The Court of Appeals handed down Brooks v. Fields today located here.  This is an interesting case on college support.  The short version is that the Court of Appeals reversed and rendered a judgment obligating a parent to purchase a vehicle for a child in college and an award of attorney's fees.  The main issue appeared to turn on the fact that the proof was not there to support obligating Mr. Brooks to pay for the car.  However, the opinion noted that there are circumstances where this would be appropriate.  Interesting read and one to file away. 

Monday, October 14, 2013

Rule 52

Just spent a long day in trial.  Judge has ordered both parties to prepare findings of fact and conclusion of law under Rule 52.  Rule 52 requests are a good item to add to the Court file as a separate pleading.  In the long run, they help to prevent errors made by the parties and the court as it gives everyone time to process what all happened at trial. 

Friday, October 11, 2013

Minor Settlements

Larry Primeaux recently wrote an interesting article regarding minor settlements that is worth reading.  I am evaluating myself if I need to update my forms.  A link to the article is here

Thursday, October 10, 2013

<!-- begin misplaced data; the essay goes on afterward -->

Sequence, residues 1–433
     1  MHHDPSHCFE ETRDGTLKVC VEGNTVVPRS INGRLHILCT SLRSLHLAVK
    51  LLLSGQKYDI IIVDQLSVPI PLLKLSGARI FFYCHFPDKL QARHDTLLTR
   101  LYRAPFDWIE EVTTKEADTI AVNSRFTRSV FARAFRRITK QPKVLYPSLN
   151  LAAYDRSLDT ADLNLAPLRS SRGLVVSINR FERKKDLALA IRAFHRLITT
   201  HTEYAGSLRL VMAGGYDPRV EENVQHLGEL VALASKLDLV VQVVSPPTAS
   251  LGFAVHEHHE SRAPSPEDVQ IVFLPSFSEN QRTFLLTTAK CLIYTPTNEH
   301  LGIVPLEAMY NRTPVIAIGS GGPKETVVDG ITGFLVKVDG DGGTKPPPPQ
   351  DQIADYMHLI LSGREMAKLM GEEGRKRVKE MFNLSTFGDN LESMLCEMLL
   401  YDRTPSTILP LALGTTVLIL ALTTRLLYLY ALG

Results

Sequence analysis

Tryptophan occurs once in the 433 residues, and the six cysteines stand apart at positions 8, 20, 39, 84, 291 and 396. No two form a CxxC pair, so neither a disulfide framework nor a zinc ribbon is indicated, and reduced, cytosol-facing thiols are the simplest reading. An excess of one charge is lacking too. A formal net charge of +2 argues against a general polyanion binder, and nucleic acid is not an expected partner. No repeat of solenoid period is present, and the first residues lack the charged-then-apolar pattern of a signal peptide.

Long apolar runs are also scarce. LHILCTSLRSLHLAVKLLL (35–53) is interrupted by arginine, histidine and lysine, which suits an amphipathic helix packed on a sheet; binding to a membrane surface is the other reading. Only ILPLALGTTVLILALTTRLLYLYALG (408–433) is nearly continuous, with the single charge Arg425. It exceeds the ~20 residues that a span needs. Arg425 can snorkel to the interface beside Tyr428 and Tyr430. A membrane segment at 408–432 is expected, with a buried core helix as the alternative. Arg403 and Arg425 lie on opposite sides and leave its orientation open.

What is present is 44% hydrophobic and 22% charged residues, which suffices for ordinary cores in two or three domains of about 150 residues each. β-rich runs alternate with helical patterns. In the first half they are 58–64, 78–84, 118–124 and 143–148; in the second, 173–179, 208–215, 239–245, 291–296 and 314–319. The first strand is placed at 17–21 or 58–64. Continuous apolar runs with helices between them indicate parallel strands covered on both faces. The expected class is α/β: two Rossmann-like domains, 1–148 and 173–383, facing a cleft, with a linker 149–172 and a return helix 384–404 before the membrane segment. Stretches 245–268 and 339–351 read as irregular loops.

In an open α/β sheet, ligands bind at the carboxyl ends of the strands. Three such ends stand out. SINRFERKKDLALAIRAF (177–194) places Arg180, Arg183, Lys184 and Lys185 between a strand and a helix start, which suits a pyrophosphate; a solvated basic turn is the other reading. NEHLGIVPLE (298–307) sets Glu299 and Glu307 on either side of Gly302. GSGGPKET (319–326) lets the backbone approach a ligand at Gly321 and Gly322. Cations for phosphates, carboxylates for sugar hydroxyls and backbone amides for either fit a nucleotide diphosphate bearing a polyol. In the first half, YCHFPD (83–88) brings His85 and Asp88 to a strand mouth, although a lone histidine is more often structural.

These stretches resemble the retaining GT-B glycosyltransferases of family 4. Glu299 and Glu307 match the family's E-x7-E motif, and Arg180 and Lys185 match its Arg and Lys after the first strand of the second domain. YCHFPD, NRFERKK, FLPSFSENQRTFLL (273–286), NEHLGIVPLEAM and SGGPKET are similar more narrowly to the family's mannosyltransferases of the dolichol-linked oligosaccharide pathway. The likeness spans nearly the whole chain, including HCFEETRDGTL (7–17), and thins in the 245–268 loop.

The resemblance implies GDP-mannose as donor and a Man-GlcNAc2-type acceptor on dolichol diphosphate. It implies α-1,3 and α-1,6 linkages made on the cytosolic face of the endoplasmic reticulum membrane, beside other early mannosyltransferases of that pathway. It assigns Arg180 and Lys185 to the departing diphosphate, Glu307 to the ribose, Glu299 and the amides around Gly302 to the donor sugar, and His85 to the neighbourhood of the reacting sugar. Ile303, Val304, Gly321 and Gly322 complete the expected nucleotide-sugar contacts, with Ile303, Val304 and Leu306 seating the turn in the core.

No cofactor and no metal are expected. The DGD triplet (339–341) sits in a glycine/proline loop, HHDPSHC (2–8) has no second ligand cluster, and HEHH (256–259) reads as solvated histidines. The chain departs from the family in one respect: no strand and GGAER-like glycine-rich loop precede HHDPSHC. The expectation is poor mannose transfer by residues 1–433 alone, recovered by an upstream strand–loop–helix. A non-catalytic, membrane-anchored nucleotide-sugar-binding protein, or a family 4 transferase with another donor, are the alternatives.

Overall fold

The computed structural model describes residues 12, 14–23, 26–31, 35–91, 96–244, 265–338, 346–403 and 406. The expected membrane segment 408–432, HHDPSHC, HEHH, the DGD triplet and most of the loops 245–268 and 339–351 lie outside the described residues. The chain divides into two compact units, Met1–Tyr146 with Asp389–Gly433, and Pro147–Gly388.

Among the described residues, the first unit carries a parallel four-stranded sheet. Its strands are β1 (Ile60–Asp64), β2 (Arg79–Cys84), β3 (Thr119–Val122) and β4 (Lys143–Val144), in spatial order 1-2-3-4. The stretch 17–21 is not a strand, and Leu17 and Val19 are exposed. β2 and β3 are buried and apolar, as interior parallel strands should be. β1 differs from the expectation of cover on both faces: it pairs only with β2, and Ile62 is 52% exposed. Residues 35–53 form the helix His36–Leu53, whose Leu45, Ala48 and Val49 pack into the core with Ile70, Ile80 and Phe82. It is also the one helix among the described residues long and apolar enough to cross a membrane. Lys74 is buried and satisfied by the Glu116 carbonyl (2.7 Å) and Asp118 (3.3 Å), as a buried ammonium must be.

Recent Appellate Decision

On Tuesday, the Mississippi Court of Appeals handed down Cupp v. Cupp located here.  I got involved in the case post trial when Mr. Cupp appealed.  I was retained to represent Ms. Cupp.  There are two issues of interest in this case.  One deals with the martial home and the other deals with contempt.  In this case, the Court of Appeals affirmed the chancellor finding that the martial home was not separate property due to Ms. Cupp's contributions and improvements to it even though the home was purchased prior to the marriage.  The other issue is that this is one of the few cases that show a defense of contempt where it is impossible to comply with the Court order.  The Court of Appeals found that the chancellor was correct in not holding Ms. Cupp in contempt as the Court order was impossible literally to comply with.  This case is worth a read. 

Wednesday, October 9, 2013

Employer/Employee Liability